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Press Release -- February 27th, 2020

Microsoft is Sunsetting Skype for Business (So What Does That Mean?)

In case you missed the news back in July of 2019, Microsoft announced their plans to sunset Skype for Business Online. If this is news to you (and even if it’s not), there are probably lots of questions running through your head—why is this happening; when is this happening; what does this mean for my organization?

Don’t worry—Microsoft has options for you, and we’ll answer all your questions.

Why is Microsoft sunsetting Skype for Business?

The main reason for Microsoft retiring Skype for Business Online is their desire to consolidate products and the associated support resources to maintain focus on one single UCaaS (Unified Communications as a Service) platform. Instead of maintaining Skype for Business and Teams, Microsoft is placing their focus on the Teams product, which offers many of the same functionalities of Skype for Business, as well as others (more on that below).

When is Skype for Business being retired?

Following the launch of Teams in 2017, Microsoft has announced that Skype for Business Online will no longer be accessible after July 31, 2021. That means your organization has around 18 months (from publication of this blog) to migrate to a new platform like Teams.

What’s the difference between Teams and Skype for Business?

So if you’re looking to migrate from Skype for Business to Teams you’re probably wondering “what’s the difference?” One of the major differences between the two platforms is in how they’re delivered. Microsoft Teams is a pure play UCaaS system (Unified Communications as a Service), meaning there is no option for an on-premise deployment.

Skype on the other hand has both a on premise and a cloud option. The on-prem option, known as Skype for Business Server, has actually not been sunsetted or given an end of life and will be able to be maintained. Skype for Business Online however, the one we’re talking about throughout this article, is being end of lifed and rolled up into Teams. If you read those two sentences and took a sigh of relief as a Skype for Business Server customer, I’d challenge you to consider your organization’s future plans to move to a cloud based system. The reason?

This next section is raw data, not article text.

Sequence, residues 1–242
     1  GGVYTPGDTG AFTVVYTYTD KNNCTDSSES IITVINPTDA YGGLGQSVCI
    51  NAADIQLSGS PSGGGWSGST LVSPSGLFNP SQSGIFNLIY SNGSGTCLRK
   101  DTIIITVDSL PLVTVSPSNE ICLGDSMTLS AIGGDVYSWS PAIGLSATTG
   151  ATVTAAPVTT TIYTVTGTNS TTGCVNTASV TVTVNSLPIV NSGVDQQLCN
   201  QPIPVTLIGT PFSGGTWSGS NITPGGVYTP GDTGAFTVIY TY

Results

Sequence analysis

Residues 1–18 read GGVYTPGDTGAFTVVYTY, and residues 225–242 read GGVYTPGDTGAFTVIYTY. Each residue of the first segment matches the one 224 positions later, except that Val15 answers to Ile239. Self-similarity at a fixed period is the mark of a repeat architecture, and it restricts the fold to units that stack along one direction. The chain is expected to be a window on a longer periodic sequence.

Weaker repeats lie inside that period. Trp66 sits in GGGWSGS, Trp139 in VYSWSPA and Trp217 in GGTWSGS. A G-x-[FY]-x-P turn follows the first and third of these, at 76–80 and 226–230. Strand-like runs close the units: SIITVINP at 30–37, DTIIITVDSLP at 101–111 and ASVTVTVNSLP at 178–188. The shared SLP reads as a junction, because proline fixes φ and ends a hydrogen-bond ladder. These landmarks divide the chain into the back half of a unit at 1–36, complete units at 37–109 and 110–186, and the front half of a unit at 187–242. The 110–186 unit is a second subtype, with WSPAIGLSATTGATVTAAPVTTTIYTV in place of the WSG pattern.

If your organization ever decides in the future to move from Skype for Business Server to Teams, you actually have to pass through Skype for Business Online in order to maintain all your settings, meetings, etc. That means once Skype for Business Online goes away, Server customers will be left without a bridge to the cloud. Microsoft may develop a workaround for this in the future, but they haven’t at the time of this writing.

Now that we’ve got that straight let’s look at the difference between Skype for Business Online and Teams.

Microsoft Teams

With Teams you get a tool that offers a unified source for:

  • communication
  • collaboration
  • productivity

Put simply, it combines the voice and video communication capabilities of Skype for Business, the productivity of Office 365, and the collaboration of a tool like Slack.

Skype for Business

With Skype for Business you get features such as Instant Messaging, Audio Calling, and Video Calling. There are advanced features when integrating with other Microsoft software, including file sharing and the ability to use SIP for communications.

Skype for Business offers a solid communications platform, but lacks many of the features that Teams offers, enabling users and groups to work more effectively and efficiently.

Microsoft Teams Skype for Business
Instant Messaging Yes Yes
Voice Calling Yes Yes
Video Calling Yes Yes
Office 365 Integrations Yes No
Chat Channels Yes No

What does my business need to do?

So if Skype for Business Online is going away in 2021, what does your business need to do? First, decide which platform you’re going to migrate to. Microsoft has made it fairly easy to migrate to Teams (they have helper software and everything), but based on your needs you may want to move to a different platform.

Once you’ve decided which platform you’re migrating to, put a plan in place with a timeline and what steps you need to take to complete that migration. This will get your organization thinking about the steps you need to take in order to prevent downtime during the migration. That plan should include change management considerations as well as what features and functionality you need to move over, or move to, in your new platform.

Make sure you’re futureproofing your organization’s tech stack

Maybe your organization is pretty set with Skype for Business Server. That bit of info should be a good enough reason to have an internal discussion about the future of your unified communications solution, and while you’re having that conversation you can discuss potential ways to increase the ROI of your platform.

We see many organizations realize higher ROI on their unified communications platforms by using it increasingly as their VoIP phone or softphone solution. Are you doing that today? If not, you should consider it in the context of your migration which serves as an opportune time to implement a test group. Learn more about migrating your telephony to the cloud in our most helpful ebook.

Don’t ignore 911

If you’re moving to Teams, Microsoft has taken some extra steps to provide modern emergency features such as Dynamic E911, which leverages the caller’s real-time location for both call routing and display to the public safety answering point. Teams also includes emergency notifications to alert your security teams, front desk attendant, or other designated personnel that a 911 call has been made by one of your users. Both of these features are critical components of emerging federal E911 regulations such as Kari’s Law and RAY BAUM’s Act.

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